|File photo of Indian diplomat Devyani Khobragade (Pic: The New Indian Express)|
Friday, January 10, 2014
Indian diplomat leaves US after indictment
NEW DELHI (AA) - Indian diplomat Devyani Khobragade, whose arrest in the US has sparked a major diplomatic row, left the United States for India hours after she was granted full diplomatic immunity and indicted in a US court on charges of visa fraud and making a false statement regarding the employment of her maid Sangeeta Richard.
India's Foreign Ministry confirmed that Khobragade has left the US for India, where she has been transferred to an equivalent government post.
"At the time of her departure for India, Counsellor Khobragade reiterated her innocence on the charges filed against her. She affirmed her gratitude to the government of India, in particular to the External Affairs Minister and the people of India, and also the media, for their strong and sustained support during this period," the Foreign Ministry said in a statement on Friday morning.
The full diplomatic immunity entitles 39-year old Khobragade, India’s deputy consul general in New York, to travel out of the United States without facing the allegations of visa fraud and underpayment to the maid.
Before leaving the US, Khobragade said, "I will show my immunity to the court. The court will see that I have diplomatic immunity. Only then I will leave the US," reported Press Trust of India.
The Indian Foreign Ministry said Khobragade was accorded the privileges and immunities of a diplomatic envoy on January 8 under the terms of Section 15 of the Headquarters Agreement between the United Nations and the US.
Khobragade also affirmed her determination to ensure that the episode will not have a "lasting impact" on her family, including her two daughters who are still in the US.
A senior Indian official told Anadolu Agency that the US State Department formally asked India to arrange the diplomat’s departure after the US request to waive her diplomatic immunity for trial was rejected by the Indian side on January 9.
The diplomatic row between India and the US seems to have taken an interesting turn with the US State Department approving Khobragade’s accreditation at India’s Permanent Mission at the United Nations. The State Department decision helped the diplomat to fly out the country.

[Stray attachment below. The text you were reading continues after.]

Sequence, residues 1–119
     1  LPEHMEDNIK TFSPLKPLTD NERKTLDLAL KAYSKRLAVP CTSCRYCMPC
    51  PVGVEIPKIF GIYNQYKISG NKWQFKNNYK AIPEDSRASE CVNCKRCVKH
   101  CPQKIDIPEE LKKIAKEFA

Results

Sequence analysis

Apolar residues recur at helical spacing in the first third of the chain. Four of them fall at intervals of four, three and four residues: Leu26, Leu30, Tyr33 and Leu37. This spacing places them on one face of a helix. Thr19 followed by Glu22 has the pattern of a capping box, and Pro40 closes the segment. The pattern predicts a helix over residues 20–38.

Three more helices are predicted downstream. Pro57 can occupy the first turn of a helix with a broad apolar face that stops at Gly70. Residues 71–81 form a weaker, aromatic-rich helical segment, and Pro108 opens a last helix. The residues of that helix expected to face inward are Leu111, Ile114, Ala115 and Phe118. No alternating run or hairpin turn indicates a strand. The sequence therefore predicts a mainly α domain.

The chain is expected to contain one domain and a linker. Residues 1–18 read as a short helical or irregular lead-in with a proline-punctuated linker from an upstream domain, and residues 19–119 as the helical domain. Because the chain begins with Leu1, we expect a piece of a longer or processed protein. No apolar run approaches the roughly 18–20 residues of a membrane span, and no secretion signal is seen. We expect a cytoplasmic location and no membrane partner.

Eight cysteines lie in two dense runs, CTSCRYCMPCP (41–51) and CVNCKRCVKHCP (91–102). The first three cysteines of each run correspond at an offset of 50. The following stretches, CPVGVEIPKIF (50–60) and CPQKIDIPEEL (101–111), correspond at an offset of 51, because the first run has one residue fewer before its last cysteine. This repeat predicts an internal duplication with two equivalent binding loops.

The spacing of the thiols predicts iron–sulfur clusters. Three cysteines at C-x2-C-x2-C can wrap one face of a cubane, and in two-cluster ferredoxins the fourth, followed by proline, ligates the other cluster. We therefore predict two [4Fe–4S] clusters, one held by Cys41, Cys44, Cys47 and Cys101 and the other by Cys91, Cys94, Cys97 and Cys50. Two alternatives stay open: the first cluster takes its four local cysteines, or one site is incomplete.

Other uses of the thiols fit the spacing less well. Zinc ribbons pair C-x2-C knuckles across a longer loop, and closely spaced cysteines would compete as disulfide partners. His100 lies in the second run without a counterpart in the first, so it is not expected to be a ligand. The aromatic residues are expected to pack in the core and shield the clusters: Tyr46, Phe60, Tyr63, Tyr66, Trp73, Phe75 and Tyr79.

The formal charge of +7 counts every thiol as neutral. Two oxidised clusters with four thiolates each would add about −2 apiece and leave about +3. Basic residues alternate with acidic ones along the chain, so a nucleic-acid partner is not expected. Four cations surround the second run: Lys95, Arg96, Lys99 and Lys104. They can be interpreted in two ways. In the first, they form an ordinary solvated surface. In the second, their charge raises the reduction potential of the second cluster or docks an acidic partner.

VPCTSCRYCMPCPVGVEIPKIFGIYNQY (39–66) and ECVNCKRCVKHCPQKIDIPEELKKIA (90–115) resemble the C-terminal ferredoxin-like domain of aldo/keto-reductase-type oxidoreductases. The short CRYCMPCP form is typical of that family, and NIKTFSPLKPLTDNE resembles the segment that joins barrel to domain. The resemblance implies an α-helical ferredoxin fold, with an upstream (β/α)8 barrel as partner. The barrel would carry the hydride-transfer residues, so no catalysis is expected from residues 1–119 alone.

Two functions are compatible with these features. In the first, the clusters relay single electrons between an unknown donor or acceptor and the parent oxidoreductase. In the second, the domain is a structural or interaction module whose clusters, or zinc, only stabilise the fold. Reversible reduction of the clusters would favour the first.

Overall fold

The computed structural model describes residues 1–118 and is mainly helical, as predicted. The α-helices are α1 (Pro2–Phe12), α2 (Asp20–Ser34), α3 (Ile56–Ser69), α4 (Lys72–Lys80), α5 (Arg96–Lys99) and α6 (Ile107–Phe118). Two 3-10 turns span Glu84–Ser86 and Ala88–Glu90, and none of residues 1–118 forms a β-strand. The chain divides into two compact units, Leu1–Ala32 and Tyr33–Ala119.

On December 18, India transferred Khobragade to India’s Permanent Mission in New York hoping that the diplomat would receive full immunity.
A top US official reportedly said that the refusal to grant the accreditation request "would be almost without precedent . . . except in the event of national security risks, including espionage."
The charges against Khobragade will remain in the US court on two counts: charges of visa fraud and making false statements. The diplomat, who is married to a US national, would face trial if she returns to the US without any diplomatic immunity.
Friday’s development is seen as a "partial diplomatic victory" by India as the US refused to drop the charges, only granting full immunity.
India pressed for criminal charges against Khobragade to be dropped, taking a slew of "retaliatory" measures against the US Embassy and consular officials.
On January 8, India asked the US Embassy in Delhi to stop commercial activities by January 16 including its restaurant, bar, bowling alley, beauty parlour, gym, tennis court, swimming pool etc. on the grounds that the presence of all those facilities violated the Vienna Convention.
On January 7, Khobragade’s father Uttam Khobragade, a retired Indian diplomat, protested outside the US Consulate in Mumbai demanding that the charges against his daughter were false and should be waived.
On December 17, India withdrew a host of privileges accorded to all US Consular officials in India including the withdrawal of airport passes, cancellation of import duty waivers on food and liquor etc. Security barricades outside the US Embassy in Delhi were also removed in retaliation to the arrest of the diplomat.
Khobragade, India’s deputy consul general in New York, was arrested by the police in New York Police on the morning of December 12 while she was dropping off her young daughters to school. She was publicly handcuffed, allegedly strip-searched and placed in a prison cell. She was released on bail of $250,000 in the evening.
Khobragade was allegedly paying Richard $3.11 per hour instead of the promised mandatory US wage of $9.75.
However, Indian officials portray a more complicated legal picture, saying that Richard has been absconding since June this year as a Delhi high court had issued an interim injunction in September restraining her from instituting any action or proceedings against Khobragade outside India, according to the terms and conditions of her employment.The Indian Embassy in Washington had requested the US government to locate Richard, Khobragade's maid, and facilitate the implementation of an arrest warrant, issued by the Metropolitan Magistrate of the South District Court in New Delhi.